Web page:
Posted 16 July, 2013 by Ministry of Culture and Sports in News

Stele discovered in Peru-Waka, Northwestern Peten

Digging a tunnel in the main temple of the ancient Mayan city of El Peru-Waka ', Archaeologists discovered a carved stone stele was buried by the Maya as an offering and probably as part of funeral rites in Structure M13-1, one of the most important temples in the city, the 5 March 2013.

The stele, named Estela 44 El Peru- Waka’, is a sixth century monument D.C.. It was discovered by archaeologist Griselda Perez and examined and read by Stanley Guenter project epigraphist. The decrypted text provides data and discussions on a new chapter in the history of the city of Waka’ and reveals more regional policy in the Classic Period Maya.

The stele, that date 564 d.C. was prepared by the ruling Wa'oom Uch'ab Tz'ikin and originally settled in a hitherto unknown. Then, towards 700 d. C. the stele was ritually placed in the site of the discovery by the ruler K’ inich Bahlam II, probably as part of elaborate funeral rituals for the royal burial of his wife Queen K 'abel.

Stela 44 was dedicated during a period in which no monument carved Tikal has been found so far. Known as "The Hiatus" and spanning from the early sixth century until the late seventh century AD, El Reino de Waka’ also experienced a break in lifting trails during this period, although that was near, between 554 and 657 before the discovery of the Stele of 44.

Continue Reading…

Regional Archaeological Project El Peru, has conducted research and conservation at the site since 2003, under the direction of David Freidel of Washington University and currently is co-directed by Juan Carlos Pérez Calderón, who has extensive experience in tunnel excavation and conservation.

Excavations at the main temple of the city, M13-1 structure, have been conducted for over ten years by the building Principal Investigator, Olivia Navarro Farr of the University of Wooster from 2003.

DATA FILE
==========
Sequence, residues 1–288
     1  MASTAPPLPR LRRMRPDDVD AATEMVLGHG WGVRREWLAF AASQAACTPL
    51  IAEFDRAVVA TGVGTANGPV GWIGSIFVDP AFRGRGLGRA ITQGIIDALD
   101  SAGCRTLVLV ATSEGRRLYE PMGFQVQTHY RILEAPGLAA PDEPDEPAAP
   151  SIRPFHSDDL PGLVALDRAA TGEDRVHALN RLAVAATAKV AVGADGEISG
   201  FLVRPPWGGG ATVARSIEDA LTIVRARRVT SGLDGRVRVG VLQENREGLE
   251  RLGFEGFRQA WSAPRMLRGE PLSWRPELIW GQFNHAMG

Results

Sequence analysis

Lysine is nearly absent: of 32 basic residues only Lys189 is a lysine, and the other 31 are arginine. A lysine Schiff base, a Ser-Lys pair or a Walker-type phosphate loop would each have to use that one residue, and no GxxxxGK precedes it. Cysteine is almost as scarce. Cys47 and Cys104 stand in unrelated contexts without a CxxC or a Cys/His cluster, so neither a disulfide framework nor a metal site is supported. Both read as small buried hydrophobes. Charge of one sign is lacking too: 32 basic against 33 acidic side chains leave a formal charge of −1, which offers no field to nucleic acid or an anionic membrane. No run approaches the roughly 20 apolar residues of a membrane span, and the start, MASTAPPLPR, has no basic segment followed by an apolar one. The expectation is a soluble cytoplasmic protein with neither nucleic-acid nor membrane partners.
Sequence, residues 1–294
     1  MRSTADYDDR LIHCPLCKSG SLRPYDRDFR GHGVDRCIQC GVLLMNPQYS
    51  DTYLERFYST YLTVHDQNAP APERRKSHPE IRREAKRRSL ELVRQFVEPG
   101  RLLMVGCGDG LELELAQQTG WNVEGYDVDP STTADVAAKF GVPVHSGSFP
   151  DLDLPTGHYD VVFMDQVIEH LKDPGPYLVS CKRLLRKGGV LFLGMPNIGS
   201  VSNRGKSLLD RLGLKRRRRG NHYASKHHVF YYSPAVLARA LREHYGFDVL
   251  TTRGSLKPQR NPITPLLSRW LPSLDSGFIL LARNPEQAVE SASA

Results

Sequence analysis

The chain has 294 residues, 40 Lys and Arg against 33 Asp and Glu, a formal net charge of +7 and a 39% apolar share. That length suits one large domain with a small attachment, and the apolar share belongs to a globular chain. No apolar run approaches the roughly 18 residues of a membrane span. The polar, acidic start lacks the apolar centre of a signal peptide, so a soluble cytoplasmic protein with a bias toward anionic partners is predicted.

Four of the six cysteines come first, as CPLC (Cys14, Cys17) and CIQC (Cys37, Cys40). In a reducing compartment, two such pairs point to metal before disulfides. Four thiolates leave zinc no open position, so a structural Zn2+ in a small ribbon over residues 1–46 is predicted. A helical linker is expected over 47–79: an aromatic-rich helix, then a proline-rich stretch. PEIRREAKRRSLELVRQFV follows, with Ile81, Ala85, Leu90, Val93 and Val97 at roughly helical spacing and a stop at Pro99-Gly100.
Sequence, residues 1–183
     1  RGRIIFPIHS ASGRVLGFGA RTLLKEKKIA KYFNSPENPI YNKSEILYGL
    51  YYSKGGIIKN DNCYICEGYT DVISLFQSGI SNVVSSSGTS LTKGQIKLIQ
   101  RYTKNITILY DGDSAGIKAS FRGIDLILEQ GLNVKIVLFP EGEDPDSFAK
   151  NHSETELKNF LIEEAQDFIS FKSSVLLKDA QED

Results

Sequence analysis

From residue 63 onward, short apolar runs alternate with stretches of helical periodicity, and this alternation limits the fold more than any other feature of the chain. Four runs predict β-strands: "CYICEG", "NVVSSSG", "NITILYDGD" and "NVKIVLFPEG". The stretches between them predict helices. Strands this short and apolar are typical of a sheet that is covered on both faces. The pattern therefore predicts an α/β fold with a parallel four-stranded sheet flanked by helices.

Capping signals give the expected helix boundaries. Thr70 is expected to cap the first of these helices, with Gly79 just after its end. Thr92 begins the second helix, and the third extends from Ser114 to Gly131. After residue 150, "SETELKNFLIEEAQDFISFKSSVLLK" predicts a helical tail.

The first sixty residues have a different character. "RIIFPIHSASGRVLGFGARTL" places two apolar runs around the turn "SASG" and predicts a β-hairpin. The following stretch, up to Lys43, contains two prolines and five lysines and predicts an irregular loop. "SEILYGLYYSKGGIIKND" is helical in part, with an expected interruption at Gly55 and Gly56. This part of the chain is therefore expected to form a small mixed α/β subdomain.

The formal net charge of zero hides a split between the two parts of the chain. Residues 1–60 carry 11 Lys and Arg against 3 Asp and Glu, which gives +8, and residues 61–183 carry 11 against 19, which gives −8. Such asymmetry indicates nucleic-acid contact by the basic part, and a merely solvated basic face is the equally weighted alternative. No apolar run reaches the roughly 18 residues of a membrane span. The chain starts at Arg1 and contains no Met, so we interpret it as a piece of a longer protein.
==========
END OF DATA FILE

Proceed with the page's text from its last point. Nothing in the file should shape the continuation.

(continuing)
The project was carried out thanks to the authorization of the Ministry of Culture and Sports through the Directorate General of Cultural and Natural Heritage, the support of the National Council of Protected Areas and the financial support of the Foundation and US-PACUNAM DOI.

This year, Griselda Perez was digging a tunnel to link the central axis of the temple to access excavations 2012 and located Stela who was ritually deposited part of construction fill. Archaeologist Francisco Castaneda took detailed pictures of glyphic texts with these Stanley Guenter and began the process of deciphering.

The front of the trail is very eroded, but you can see the figure of a king standing with his eyes forward and with arms carrying a ceremonial bar.

The wake Wa'oom chronicles the rise of Uch'ab Tz'ikin in 556 d. C., which is witnessed by a woman named Sak / Ikoom leading into the actual text titles "Sak Wayis" and "Chatan K'uhul Winik". These titles are very closely associated with the Kings of the snake or Kan.

The decipherment of Maya hieroglyphs has made great strides in the last thirty years, Stela yet 44 continue to be studied by Stanley Guenter, Francisco Castañeda and Project team of archaeologists. Wake History 44 is partial, but clearly represents a turning point in the life of the Kingdom of Wak.


The stele 44 Griselda Perez was discovered by archaeological excavations in 2013 in Structure M13-1 archaeological site Peru-Waka 'Photography Juan Carlos Perez Calderon



The stele 44 El Peru-Waka 'dating from 564 d. C. was placed under the building fill ritually by K'inich Bahlam II around 700 d. C., probably as part of the funeral rites of the Queen K'abel. Griselda Perez Photography


Stanley Guenter, under the direction of David Freidel, has made deciphering the glyphs. Photography: Francisco Castañeda.

6,505 total views, 2 views today

Ministry of Culture and Sports

Department of Communication and Cultural Diffusion